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Original Research

Economic Consequences of Not Recognizing Bipolar Disorder Patients: A Cross-Sectional Descriptive Analysis

Howard G. Birnbaum, PhD; Lizheng Shi, PdD; Ellison Dial, BS; Emily F. Oster, BA; Paul E. Greenberg, MS, MA; and David A. Mallett, BA

Published: October 15, 2003

Article Abstract

Background: This retrospective study compared treatment patterns and costs for patients with recognized and unrecognized bipolar disorder with those of depressed patients without a bipolar disorder claim.

Method: Claims data for 7 large national employers covering 585,584 persons aged less than 65 years were used to identify patients diagnosed with depression and initially treated with antidepressants. Data on employees, as well as spouses and dependents, for the period 1998 to mid-2001 were used. Patients were identified as bipolar based on the criteria of a bipolar diagnosis claim (ICD-9 codes: 296.0, 296.1, 296.4-296.8) and/or a mood stabilizer prescription claim. Of the patients identified as bipolar, unrecognized bipolar disorder (unrecognized-BP) patients met the criteria after antidepressant initiation, while recognized bipolar disorder (recognized-BP) patients met the criteria at or before initiation. The remaining patients in the sample were non-bipolar depressed (non-BP) patients. Outcome measures included treatment patterns and monthly medical costs in the 12 months subsequent to initiation of antidepressant treatment.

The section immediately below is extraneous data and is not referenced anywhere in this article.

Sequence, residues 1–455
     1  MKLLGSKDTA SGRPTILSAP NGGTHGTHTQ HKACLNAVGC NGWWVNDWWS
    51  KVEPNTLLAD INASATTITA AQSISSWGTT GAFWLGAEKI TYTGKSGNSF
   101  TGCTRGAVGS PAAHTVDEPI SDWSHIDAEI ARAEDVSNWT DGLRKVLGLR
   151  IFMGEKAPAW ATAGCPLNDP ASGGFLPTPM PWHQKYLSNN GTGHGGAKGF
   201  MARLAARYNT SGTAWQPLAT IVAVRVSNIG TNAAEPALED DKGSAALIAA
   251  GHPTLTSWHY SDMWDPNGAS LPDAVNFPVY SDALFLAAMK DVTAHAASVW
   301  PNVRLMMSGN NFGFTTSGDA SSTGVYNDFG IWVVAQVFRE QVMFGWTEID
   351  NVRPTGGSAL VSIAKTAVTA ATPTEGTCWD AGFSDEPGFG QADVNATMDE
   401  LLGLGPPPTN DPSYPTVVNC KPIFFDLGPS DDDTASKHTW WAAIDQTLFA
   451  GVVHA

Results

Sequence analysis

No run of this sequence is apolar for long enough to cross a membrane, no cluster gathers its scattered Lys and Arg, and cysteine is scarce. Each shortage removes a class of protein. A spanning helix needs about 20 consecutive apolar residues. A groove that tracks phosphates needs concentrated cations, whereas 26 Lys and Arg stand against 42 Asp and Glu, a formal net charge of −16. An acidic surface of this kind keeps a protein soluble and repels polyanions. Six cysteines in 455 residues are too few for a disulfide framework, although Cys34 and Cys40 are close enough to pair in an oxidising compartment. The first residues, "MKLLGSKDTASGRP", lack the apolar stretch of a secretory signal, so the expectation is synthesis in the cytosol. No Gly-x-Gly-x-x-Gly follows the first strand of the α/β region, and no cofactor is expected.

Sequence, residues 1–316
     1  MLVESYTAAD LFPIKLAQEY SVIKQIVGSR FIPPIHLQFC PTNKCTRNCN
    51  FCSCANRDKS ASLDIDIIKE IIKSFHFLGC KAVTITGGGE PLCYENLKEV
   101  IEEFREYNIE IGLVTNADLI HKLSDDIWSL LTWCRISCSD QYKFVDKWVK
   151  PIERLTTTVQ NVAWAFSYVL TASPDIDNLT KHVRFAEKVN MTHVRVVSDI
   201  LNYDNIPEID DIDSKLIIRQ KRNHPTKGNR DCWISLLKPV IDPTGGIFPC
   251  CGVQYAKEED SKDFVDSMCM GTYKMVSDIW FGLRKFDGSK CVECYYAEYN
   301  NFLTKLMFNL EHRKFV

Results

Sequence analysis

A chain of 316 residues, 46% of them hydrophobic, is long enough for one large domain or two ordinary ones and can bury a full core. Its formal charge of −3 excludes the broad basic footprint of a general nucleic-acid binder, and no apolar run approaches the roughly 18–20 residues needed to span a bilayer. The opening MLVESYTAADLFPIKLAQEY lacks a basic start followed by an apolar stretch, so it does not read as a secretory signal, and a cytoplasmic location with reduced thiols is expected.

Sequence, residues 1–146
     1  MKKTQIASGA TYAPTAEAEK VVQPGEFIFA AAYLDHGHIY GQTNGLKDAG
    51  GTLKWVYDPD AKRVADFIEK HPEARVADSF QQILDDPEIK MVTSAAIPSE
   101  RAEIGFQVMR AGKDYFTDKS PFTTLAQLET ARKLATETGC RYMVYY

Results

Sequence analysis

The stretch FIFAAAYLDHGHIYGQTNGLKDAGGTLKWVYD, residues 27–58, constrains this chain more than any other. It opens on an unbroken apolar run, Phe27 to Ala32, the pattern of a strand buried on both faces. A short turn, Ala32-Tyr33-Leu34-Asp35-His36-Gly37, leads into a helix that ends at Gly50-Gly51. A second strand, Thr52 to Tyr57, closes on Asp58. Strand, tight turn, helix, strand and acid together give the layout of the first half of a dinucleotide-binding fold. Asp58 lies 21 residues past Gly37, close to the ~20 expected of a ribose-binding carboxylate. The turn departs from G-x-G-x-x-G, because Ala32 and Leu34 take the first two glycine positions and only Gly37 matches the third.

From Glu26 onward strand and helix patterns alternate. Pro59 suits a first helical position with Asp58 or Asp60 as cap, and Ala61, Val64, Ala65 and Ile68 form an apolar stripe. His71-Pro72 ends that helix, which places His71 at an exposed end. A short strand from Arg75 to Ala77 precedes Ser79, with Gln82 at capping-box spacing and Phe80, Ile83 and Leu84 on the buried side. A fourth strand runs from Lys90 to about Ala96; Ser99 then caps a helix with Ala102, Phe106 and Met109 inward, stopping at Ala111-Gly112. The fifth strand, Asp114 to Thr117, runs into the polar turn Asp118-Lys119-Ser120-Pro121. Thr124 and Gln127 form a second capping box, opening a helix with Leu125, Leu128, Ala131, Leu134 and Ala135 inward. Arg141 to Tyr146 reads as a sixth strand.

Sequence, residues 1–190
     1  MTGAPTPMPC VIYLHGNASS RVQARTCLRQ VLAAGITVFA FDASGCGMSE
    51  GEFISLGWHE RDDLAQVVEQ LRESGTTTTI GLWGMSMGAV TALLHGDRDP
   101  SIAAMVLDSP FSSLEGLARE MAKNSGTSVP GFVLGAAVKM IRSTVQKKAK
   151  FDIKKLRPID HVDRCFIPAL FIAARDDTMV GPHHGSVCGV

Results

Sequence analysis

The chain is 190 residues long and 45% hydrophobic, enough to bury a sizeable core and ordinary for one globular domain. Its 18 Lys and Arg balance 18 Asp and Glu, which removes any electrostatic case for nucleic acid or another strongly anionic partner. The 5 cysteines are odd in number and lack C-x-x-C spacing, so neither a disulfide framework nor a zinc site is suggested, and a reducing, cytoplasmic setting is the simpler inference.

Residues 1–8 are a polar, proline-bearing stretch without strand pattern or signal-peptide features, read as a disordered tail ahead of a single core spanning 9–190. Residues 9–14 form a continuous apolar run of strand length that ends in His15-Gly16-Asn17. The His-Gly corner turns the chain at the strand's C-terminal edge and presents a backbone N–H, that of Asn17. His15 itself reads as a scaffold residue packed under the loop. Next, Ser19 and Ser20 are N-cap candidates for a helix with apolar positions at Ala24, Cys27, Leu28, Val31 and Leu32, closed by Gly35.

Results: Of the 9009 patients treated for depression with antidepressants, there were 8383 non-BP patients (93.1%), 293 recognized-BP patients (3.3%), and 333 unrecognized-BP patients (3.7%). Use of combination therapies varied among the non-BP (11%), unrecognized-BP (32%), and recognized-BP patients (44%) (all pairwise p < .01). Use of mood stabilizers was less frequent among unrecognized-BP patients (14%) than recognized-BP patients (34%) (p < .0001). Unrecognized-BP patients incurred significantly greater (p < .05) mean monthly medical costs ($1179) in the 12 months following initiation of antidepressant treatment compared with recognized-BP patients ($801) and non-BP patients ($585). Monthly indirect costs were significantly greater (p < .05) for unrecognized-BP ($570) and recognized-BP ($514) employees compared with non-BP employees ($335) in the 12 months following antidepressant initiation.

Conclusions: Patterns of medication treatment for bipolar disorder were suboptimal. Accurate and timely recognition of bipolar disease was associated with lower medical costs and lower indirect costs due to work loss.

See our Focus Collection of J Clin Psychiatry articles on healthcare economics.

Volume: 64

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